Battle of Brooklyn, 236 Years Later

Our annual Battle of Brooklyn commemoration was bigger and better than ever this year. On Sunday, August 26, we commemorated the 236th anniversary of the Battle of Brooklyn (the battle was fought on August 27, 1776)–and it was a wonderful day all around. The Battle of Brooklyn, a good deal of which was fought across the ground that is now Green-Wood Cemetery, was the first battle of the Revolutionary War after the issuance of the Declaration of Independence. It was the first time that American troops stood toe to toe with the British Army in the open field, trading musket and artillery fire. And, because General George Washington’s Continental Army was able to survive and soon escape to Manhattan, Westchester, and then New Jersey, it established that this would not be a war of a single battle (as was often the case in that era), but rather a protracted struggle over a period of years.

Thanks to the Battle of Brooklyn Committee, headed by Eric Kramer, and Kim Maier of the Old Stone House, who recruited more re-enactors than ever before (including cavalry this year, as well as cooking demonstrations), we drew our biggest crowds yet.

The day started with a battlefield trolley tour, led by historian Barnet Schecter (author of the wonderful “Battle for New York”) and me.

Historian Barnet Schecter, a right, in the dark blazer, addressing the sell-out crowd during a stop on the Battle of Brooklyn Battlefield Trolley Tour.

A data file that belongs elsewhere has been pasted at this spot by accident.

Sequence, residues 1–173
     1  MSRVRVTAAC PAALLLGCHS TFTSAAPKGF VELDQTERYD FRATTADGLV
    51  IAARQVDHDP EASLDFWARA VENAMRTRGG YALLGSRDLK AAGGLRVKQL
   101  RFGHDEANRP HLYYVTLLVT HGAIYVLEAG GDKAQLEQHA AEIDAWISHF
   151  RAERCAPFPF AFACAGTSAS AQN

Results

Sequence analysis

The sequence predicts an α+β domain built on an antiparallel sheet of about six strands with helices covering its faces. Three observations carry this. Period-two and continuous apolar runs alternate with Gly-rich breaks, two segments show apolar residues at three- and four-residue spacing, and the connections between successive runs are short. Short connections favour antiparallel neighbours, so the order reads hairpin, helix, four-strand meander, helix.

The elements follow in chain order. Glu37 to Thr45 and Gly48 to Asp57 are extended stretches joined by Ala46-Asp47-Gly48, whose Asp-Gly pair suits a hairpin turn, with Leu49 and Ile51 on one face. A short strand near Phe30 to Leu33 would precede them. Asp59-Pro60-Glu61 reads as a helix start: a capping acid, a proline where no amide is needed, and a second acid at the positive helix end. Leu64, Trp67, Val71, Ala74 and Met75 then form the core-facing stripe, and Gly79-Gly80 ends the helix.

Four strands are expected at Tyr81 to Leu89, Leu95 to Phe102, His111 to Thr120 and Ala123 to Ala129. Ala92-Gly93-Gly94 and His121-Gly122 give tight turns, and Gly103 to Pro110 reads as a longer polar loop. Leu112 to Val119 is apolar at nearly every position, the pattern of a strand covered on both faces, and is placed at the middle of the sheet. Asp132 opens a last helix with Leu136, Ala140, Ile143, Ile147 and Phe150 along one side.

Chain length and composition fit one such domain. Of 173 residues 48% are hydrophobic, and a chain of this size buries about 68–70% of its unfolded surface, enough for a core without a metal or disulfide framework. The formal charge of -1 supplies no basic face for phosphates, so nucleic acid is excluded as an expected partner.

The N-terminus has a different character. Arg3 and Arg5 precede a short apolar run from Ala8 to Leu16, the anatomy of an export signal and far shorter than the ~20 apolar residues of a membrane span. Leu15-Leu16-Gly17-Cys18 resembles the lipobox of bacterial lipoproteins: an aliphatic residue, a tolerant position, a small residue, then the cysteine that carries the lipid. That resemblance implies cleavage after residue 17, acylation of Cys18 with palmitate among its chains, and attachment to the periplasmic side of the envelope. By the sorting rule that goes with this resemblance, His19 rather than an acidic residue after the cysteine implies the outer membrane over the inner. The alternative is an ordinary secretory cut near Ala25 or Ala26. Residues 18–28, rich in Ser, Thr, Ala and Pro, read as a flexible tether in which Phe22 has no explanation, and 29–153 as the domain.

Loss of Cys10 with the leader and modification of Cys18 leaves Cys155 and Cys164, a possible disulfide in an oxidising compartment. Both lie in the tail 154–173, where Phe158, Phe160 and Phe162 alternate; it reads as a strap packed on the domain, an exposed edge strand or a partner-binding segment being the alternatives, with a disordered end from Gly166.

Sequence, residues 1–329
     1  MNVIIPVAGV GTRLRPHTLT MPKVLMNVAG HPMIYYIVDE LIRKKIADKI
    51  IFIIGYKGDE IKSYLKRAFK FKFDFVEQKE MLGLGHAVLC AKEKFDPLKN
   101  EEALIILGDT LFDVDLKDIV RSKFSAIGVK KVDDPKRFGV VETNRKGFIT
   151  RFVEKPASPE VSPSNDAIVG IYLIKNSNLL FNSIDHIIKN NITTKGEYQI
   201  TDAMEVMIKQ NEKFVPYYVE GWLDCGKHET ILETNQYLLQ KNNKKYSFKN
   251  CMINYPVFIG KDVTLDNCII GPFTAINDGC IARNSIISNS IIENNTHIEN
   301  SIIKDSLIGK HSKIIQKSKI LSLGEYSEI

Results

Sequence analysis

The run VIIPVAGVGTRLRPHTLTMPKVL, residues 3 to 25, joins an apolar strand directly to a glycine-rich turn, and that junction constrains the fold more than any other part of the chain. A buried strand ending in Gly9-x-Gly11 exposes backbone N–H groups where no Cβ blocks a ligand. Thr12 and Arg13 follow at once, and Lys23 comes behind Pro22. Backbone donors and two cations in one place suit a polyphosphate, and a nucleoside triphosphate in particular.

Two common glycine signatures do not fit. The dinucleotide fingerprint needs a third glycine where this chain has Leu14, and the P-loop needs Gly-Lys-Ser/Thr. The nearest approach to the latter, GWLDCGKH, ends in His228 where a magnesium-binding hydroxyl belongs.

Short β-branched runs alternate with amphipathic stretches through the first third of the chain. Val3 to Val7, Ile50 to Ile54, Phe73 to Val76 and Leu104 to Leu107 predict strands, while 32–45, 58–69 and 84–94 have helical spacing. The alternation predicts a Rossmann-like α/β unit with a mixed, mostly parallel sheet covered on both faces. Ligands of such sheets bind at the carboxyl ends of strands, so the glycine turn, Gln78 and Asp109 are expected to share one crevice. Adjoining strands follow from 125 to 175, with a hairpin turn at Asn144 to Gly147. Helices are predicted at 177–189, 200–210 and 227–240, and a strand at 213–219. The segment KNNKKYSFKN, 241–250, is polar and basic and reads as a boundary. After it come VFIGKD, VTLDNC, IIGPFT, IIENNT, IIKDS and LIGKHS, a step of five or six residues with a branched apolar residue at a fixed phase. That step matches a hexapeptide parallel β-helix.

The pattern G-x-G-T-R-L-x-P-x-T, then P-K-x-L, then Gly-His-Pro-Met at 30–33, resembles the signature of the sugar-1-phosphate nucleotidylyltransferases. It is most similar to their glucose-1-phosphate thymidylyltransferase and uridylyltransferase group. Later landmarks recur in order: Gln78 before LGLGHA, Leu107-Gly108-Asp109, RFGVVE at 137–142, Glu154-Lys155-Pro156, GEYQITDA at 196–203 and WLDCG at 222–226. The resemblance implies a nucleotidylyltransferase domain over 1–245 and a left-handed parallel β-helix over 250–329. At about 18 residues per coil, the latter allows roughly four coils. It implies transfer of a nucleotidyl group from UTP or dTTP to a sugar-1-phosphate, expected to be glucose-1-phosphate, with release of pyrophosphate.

We visited the hills where General Washington likely made his observations of the British Army on the eve of battle, the graves of an American lieutenant who was Alexander Hamilton’s roommate at Kings College and who was captured at Jamaica Pass as the battle developed, and the final resting place of Ebenezer Stevens, who took part in the Boston Tea Party, raised three companies of Rhode Island troops, and fought at Quebec and Ticonderoga. We then rode the attack route of British General James Grant’s attack route down Martense Lane–now Border Avenue in Green-Wood. We drove through Martense Pass and stopped at its intersection with the old Gowanus Road, where the Delaware Monument, dedicated a decade ago to the soldiers who fought across that ground, now stands. Then we visited Sylvan Heights, from which American sharpshooters fired, and Battle Hill, where, according to new scholarship, the Americans’ greatest triumph of the entire Battle of Brooklyn occurred.

Then, in the Meadow near Green-Wood’s main gates, a firing demonstration of muskets and an artillery piece were offered.

Benjamin Franklin stopped by, kite in hand.

Cooking techniques of the Revolutionary War era were on exhibit. And visitors mingled with the re-enactors, eagerly asking them questions and learning their stories.

American revolutionaries at left, British, in red, at foreground right.
The horses were a great addition this year, drawing adult photographers and children who had never seen a horse before.
Making friends with a horse.

It was then time for the parade, led by the Merchant Marine Band, under the direction of Captain Ken Force.

The Merchant Marine Band led the parade from Green-Wood's Main Gates up to Battle Hill.

Re-enactors marched, muskets in hand, and then citizens, on cue, took the many reproductions of Revolutionary-era flags on display and carried them up to Battle Hill, where they were placed in holders.

British Army re-enactors, followed by members of the Maryland Militia, and citizens with flags.

The Declaration of Independence was read, Major General James A. Adkins, Adjutant General of the State of Maryland, spoke about the role played by men of that state in this battle, the fight for Battle Hill was detailed by Green-Wood’s historian (whatever his name is), and singing, salutes, and prayers followed.

Firing a salute on Battle Hill.
Heads bowed, in prayer.

It was a great day! Don’t miss it next year.

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